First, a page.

In Fed We Trust, Fed-Led '08 Meltdown Exposed, It's Setting Up Again

by: Elazar Advisors, LLC

- If you liked any of our work, please read through to the end on this one.

- Thanks to a comment we had to sharpen our pencils, and we think this is a game changer, as you will see.

- We show how Fed moves directly caused the meltdown in 2008-2009.

- The Fed knows they can cause it again and we show some of the consequences.

- We continue to be bearish and have a sell rating on SPY.
(Picture: To prepare you for the information that you are about to learn we have to quietly and slowly use some psychological methods to ease you into this. We warn you that after reading this it will be difficult to remove these concepts from your investment process. Let us walk you through something incredible that a follower/commenter pushed us on.)
After this work, I am worried that the market is almost solely in the hands of decisions made by the Fed, but not through rates. Yellen holds our financial fate in her hands. Is that the way ("free") markets are supposed to work? We are in incredibly dangerous territory.
We think this has implications for banks, the consumer, investors, the economy and the world.
But we'll give you the facts of what we are looking at and you come to your own conclusion. Let's start.
To start, I want to give an incredible call out to SteveMDFP. He read our work better than we did yesterday.
In our report, Is The Fed Buying Stocks, we showed how the Fed's open market operations and balance sheet was the key driver to stock market moves. In fact, if you look at the correlations of Fed balance sheet changes to S&P 500 (NYSEARCA:SPY) returns, they hauntingly line up almost to a "t."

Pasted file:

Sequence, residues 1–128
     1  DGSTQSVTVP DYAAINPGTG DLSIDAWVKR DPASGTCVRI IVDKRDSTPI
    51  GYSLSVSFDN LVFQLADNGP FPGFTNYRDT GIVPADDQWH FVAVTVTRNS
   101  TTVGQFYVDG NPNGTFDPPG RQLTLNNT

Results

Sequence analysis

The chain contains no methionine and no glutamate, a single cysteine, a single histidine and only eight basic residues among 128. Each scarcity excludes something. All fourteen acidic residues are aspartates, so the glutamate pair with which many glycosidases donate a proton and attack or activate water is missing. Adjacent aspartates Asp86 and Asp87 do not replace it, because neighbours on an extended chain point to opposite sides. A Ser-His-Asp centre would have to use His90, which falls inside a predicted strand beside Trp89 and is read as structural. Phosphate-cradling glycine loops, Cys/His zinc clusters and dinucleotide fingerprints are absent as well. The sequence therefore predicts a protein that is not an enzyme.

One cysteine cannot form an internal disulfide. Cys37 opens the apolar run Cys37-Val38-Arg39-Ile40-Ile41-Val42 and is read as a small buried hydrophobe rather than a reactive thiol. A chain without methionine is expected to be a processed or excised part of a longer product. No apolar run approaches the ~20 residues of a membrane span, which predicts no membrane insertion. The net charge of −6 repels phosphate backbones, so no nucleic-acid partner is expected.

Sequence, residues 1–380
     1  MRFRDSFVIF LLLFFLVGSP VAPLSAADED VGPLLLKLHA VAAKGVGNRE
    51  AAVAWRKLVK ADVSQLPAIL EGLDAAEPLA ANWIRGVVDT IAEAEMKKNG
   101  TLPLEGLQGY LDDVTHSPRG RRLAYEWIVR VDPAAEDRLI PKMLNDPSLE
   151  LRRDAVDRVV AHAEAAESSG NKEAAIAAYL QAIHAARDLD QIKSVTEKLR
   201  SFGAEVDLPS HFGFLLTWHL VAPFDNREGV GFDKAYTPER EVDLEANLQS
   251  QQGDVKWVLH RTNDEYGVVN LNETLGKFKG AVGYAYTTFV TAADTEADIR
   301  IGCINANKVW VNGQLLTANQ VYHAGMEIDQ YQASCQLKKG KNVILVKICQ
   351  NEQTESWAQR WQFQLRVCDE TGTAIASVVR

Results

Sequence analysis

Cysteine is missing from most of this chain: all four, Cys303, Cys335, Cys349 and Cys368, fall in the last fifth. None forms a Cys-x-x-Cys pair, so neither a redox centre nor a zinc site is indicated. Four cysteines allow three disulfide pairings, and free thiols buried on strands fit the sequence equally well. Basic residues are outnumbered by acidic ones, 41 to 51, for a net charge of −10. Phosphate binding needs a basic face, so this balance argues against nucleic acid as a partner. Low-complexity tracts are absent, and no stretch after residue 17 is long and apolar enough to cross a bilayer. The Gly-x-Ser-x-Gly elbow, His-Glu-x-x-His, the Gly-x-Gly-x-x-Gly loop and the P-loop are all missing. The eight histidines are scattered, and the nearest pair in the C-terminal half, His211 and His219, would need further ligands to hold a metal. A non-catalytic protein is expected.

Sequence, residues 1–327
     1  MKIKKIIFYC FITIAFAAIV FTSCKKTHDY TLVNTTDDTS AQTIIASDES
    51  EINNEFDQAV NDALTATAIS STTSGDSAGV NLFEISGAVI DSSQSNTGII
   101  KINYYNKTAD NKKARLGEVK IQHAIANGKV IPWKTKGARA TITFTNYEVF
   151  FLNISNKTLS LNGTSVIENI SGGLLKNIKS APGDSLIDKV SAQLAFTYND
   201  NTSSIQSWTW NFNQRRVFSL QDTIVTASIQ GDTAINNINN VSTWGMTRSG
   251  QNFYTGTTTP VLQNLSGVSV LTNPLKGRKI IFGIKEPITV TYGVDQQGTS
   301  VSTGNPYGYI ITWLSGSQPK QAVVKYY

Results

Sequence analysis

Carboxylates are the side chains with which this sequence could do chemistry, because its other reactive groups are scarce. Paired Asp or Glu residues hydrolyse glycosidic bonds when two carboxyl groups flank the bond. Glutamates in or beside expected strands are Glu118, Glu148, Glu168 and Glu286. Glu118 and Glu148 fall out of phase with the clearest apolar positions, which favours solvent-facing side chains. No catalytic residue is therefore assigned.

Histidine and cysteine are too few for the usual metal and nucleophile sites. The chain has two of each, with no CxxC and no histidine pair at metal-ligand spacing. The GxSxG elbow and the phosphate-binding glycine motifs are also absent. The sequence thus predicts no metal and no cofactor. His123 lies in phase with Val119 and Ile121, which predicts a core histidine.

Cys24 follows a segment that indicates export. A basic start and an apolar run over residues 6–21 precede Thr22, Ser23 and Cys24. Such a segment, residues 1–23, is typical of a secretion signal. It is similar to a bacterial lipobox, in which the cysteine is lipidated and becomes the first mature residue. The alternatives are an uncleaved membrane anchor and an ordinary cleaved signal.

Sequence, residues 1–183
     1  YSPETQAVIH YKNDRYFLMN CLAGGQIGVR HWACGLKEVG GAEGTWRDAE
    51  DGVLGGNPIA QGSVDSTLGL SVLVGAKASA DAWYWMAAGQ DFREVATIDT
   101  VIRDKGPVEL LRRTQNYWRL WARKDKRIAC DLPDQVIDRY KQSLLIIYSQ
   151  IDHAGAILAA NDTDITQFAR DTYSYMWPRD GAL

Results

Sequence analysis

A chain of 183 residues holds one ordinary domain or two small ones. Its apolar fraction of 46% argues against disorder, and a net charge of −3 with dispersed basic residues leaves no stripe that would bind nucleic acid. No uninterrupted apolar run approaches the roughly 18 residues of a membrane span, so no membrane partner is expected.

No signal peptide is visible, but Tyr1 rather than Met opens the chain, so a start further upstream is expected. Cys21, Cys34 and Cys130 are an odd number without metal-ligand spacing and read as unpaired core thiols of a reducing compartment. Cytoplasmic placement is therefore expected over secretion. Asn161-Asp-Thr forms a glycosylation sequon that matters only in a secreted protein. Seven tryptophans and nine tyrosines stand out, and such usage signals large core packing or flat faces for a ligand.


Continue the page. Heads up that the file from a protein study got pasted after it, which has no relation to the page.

We'll show it again because it's a great chart. Here you go. Scroll slowly so you see each year's performance versus the "YOY Change" of Fed balance sheet assets.
YearTotalYoY ChangeS&P 500















You can see how the Fed changes in positions almost precisely told you how much the S&P 500 ETF would be up or down.
To this chart, SteveMDFP asked an amazing question. Buckle your seat-belts. He asked,
"I found the shocking number to be the 41% DECREASE in the balance sheet during 2008. My guess is they shrank the money supply with this step to rein in the overheated excesses in real estate financing--but precipitated the 2008 crash. 
Of all the finger pointing that's been done about the crash, few have been blaming the Fed for actions in 2008 itself, but maybe they deserve the lion's share of blame for taking this precipitous action."